Today a few of my mom friends asked me how taking my second adult child to college went. One mom astutely acknowledged (from her own experience), that taking your kids at college is hard, but taking your boy, is the worst.
Obviously, I don’t love Casey more than my daughters (though they dispute that), but we’re incredibly close. He also has a big personality so when he’s not home, we really notice. To add to the void of Casey’s humor, smile and affectionate personality, he’s also always brought friends over in droves. I won’t just miss Casey, I’ll miss all his friends’ noise, laughs, and…shoes, too.
Fortunately, since I had mourned Casey leaving since he was probably three, I was able enjoy time with Casey when he was home this summer and I did pretty good not thinking about college.
Until last week.
About ten days before Casey was leaving, it hit me – a deep, indescribable pain. I thought about how awful it was going to be to walk by Casey’s empty room, decorate the Christmas tree without him and lock the door knowing he wasn’t home. I thought about how quiet our house would be, I worried about Faithe missing him and I realized what I’d known for a long time but hadn’t had to face until now,
Nothing would be the same after this.
I felt silly about my dramatic melancholy. I have friends whose sons are hundreds of miles away, who are happy their sons are leaving, or some who’ve even lost sons. But somehow knowing it could be worse, didn’t seem to make the pain lessen. I tried ignoring my feelings, taking long bike rides and asking a few friends to pray in an effort to make the hurt subside.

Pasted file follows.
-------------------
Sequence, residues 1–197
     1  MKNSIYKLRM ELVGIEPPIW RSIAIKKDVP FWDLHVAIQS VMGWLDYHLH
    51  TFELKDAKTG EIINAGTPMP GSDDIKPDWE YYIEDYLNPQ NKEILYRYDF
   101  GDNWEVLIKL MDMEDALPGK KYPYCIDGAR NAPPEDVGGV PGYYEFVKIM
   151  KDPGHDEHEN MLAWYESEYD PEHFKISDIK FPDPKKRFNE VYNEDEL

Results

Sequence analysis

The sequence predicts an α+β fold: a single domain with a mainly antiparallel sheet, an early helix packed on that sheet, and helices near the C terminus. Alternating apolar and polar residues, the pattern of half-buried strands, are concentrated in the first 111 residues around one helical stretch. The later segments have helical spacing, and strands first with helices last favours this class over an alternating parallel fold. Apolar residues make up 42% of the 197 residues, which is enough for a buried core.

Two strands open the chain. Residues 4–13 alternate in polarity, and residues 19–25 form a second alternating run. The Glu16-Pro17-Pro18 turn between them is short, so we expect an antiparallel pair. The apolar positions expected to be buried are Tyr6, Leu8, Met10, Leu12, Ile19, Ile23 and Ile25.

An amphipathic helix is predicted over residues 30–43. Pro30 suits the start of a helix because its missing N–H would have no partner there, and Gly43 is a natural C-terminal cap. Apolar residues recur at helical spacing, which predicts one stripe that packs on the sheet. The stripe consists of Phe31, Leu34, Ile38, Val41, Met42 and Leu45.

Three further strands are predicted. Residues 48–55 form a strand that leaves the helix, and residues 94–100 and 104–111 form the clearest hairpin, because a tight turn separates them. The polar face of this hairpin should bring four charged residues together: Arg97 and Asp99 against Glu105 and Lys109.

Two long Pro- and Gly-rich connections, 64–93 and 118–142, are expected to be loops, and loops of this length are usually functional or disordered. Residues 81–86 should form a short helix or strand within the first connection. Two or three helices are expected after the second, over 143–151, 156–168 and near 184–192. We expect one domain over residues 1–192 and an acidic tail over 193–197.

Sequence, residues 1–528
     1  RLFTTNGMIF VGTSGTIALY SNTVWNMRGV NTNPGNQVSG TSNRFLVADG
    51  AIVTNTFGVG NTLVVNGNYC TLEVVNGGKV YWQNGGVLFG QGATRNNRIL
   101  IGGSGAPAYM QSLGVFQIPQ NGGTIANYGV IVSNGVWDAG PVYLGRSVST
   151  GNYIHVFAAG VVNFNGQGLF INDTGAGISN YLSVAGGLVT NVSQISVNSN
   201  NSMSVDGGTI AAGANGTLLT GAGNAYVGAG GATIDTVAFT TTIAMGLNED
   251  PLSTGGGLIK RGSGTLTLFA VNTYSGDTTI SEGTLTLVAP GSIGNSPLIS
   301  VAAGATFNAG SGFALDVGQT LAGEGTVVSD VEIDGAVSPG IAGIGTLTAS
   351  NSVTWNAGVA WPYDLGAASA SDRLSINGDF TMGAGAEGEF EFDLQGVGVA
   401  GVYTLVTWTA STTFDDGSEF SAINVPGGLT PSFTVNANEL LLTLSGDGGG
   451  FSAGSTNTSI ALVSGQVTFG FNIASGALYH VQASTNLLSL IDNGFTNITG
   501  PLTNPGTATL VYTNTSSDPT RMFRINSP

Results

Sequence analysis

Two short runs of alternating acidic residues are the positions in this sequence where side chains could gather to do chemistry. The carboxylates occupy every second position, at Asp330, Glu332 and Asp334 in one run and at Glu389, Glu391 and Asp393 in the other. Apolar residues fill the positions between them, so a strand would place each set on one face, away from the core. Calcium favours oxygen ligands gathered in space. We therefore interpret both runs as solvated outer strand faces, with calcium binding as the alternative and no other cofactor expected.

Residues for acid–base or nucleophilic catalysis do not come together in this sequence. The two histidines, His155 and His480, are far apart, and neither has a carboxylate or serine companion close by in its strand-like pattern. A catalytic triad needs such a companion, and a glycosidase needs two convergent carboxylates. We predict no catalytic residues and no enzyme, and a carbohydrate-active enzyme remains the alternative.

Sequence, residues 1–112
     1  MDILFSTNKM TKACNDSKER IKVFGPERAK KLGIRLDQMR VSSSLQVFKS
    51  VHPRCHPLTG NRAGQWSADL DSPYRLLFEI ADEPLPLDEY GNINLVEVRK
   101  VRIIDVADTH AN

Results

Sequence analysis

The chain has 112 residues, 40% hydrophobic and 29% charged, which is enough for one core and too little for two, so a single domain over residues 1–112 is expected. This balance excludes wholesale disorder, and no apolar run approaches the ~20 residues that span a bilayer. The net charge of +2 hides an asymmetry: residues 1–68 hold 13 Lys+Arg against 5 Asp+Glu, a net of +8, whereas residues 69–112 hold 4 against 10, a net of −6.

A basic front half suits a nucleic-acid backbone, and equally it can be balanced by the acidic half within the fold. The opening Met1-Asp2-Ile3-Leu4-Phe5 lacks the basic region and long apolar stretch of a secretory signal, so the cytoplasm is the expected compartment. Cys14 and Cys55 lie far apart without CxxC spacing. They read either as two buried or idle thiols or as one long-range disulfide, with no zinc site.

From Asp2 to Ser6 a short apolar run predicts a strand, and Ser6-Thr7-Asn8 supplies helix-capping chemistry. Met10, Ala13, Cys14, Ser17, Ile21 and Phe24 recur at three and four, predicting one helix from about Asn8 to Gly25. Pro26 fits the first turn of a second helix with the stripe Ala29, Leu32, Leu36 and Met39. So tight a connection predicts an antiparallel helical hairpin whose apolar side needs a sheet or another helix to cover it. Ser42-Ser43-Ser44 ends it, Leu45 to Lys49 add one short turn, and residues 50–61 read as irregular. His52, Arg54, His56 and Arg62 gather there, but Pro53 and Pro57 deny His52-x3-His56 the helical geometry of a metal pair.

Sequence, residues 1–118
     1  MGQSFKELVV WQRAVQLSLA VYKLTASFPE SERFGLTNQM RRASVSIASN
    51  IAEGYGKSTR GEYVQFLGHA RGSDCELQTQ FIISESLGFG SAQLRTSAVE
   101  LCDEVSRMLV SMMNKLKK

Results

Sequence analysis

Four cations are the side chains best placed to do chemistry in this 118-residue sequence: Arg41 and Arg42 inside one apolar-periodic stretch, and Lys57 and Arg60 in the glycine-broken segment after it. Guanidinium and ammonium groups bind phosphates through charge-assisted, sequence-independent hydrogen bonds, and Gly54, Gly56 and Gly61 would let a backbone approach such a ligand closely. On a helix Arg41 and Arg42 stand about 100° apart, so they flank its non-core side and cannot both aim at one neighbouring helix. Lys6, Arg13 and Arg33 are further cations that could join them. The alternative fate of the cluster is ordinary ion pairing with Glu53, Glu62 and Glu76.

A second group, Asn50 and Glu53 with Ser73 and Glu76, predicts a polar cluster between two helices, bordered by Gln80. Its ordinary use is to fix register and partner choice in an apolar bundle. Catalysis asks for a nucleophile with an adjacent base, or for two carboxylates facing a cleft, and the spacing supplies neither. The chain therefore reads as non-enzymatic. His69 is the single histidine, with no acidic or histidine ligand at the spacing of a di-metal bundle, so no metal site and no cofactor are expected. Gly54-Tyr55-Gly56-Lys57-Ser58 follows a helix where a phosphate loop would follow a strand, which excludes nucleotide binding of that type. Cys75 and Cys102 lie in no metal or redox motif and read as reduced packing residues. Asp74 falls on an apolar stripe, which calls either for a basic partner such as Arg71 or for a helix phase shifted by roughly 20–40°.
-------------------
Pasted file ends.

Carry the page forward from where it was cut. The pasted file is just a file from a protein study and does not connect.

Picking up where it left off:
But it didn’t.
Finally, I prayed. Of course I had prayed before that, but I hadn’t prayed intentionally, for any extended amount of time, and I hadn’t prayed desperately. Two days before taking Casey to his dorm however, I prayed honestly and tearfully for help. I didn’t want my broken mama heart taking away from Casey’s big day. I didn’t want him to feel bad for or worry about me (and he would because he’s that sweet and we’re that close).
After really praying, I was reminded of older moms telling me I’d be okay. One friend told me her relationship with her son, though different after college, was almost better now in some ways. God allowed me to start thinking about empty nesting as opportunity instead of dread. He helped me see and be thankful for how ready Casey was for college. After really praying, God gave me supernatural, unshakeable peace and I dropped Casey off without a tear.
As we hugged good-bye, Casey said he was surprised how well I was doing. He said he thought I’d be a mess. I chuckled and told him I’d gotten all that out of the way earlier in the week. On my way home from dropping Casey off, I did finally cry. As I looked at the sunset, I teared up thinking about the goodness of God and how He allowed me to leave Casey with what he needed, all the while filling my heart with what I needed, too.